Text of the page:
First, let’s discuss what variants are and how a virus is able to spread into new types of variants. According to CDC, “As the virus spreads, it has new opportunities to change and may become more difficult to stop. These changes can be monitored by comparing differences in physical traits (such as resistance to treatment) or changes in genetic code (mutations) from one variant to another.” New strains of the virus tend to have different characteristics; thus, they have different impacts on the population as well.

There are 4 different classes of Covid-19 variants; variant being monitored (VBM), variant of interest (VOI), variant of concern (VOC), and variant of high consequence (VOHC). There are currently 11 variants (Table 1) being monitored in the United States, and one variant of interest. 

Our current variant of interest as of April 26, 2022 is the Omicron variant. This specific strain of the Covid-19 virus seems to potentially have a higher transmission rate than previous variants. 

WHO LabelPango LineageDate of Designation
AlphaB.1.1.7 and Q lineagesVOC:  December 29, 2020VBM: September 21, 2021
BetaB.1.351 and descendent lineagesVOC:  December 29, 2020VBM: September 21, 2021
GammaP.1and descendent lineagesVOC:  December 29, 2020VBM: September 21, 2021
DeltaB.1.617.2 and AY lineagesVOC: June 15, 2021VBM: April 14, 2022
EpsilonB.1.427B.1.429VOC:  March 19, 2021VOI:  February 26, 2021VOI: June 29, 2021VBM: September 21, 2021
EtaB.1.525VOI:  February 26, 2021VBM: September 21, 2021
IotaB.1.526VOI:  February 26, 2021VBM: September 21, 2021
KappaB.1.617.1VOI:  May 7, 2021VBM: September 21, 2021
N/AB.1.617.3VOI:  May 7, 2021VBM: September 21, 2021
ZetaP.2VOI:  February 26, 2021VBM: September 21, 2021
MuB.1.621, B.1.621.1VBM: September 21, 2021

Table 1. Captured from the CDC website.

While there are Covid-19 variants that fit into the categories of variant being monitored (VBM) and variant of concern (VOC), there are currently no variants of interest (VOI) nor are there any variants of high consequence (VOHC) in the United States.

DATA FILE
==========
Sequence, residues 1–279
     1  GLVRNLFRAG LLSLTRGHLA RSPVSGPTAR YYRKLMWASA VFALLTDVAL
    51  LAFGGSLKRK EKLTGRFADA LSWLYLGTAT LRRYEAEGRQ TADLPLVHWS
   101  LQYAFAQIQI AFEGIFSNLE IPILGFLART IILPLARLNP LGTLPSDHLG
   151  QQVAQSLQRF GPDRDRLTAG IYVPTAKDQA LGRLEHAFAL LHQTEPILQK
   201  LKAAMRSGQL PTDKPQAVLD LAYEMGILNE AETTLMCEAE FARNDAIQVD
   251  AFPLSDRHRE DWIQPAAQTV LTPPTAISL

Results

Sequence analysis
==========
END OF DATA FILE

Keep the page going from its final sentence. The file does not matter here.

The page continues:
What is a variant being monitored?

VBM are variants which no longer pose a significant threat to the public. CDC states that these variants are those where “data indicates there is a potential or clear impact on approved or authorized medical countermeasures or that have been associated with more severe disease or increased transmission but are no longer detected, or are circulating at very low levels, in the United States.” The variants being monitored are often previously variants of concern (VOC) that demonstrated a significant decline in their proportion in the United States, and are continuing to be monitored to this day.

What is a variant of concern?

The CDC classifies a variant of concern (VOC) as a strain that shows higher levels of transmissibility, tends to be more severe, demonstrates great decrease in neutralization by antibodies, and decline in treatment or vaccine efficacy. These tend to be newer strains of the virus that have a larger impact on the public.

What are some measurements taken to control VOC?

In order to contain the spread of these variants, a few of the following public health actions are taken. WHO is notified of the VOC, in addition to being disclosed to the CDC. Local and regional efforts, more testing, increased research towards analyzing the efficacy of the vaccines and treatments against the VOC. Further action is taken regarding new vaccine and treatment modifications.

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Visit to learn about the different classes of Covid-19 variants and their severity.